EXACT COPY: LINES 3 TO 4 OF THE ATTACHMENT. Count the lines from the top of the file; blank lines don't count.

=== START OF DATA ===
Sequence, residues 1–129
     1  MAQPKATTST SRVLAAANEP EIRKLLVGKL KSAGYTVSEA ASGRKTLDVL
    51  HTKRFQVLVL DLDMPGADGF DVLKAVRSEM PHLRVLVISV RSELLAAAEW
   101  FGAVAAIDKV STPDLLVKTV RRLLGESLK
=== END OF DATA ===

    51  HTKRFQVLVL DLDMPGADGF DVLKAVRSEM PHLRVLVISV RSELLAAAEW
   101  FGAVAAIDKV STPDLLVKTV RRLLGESLK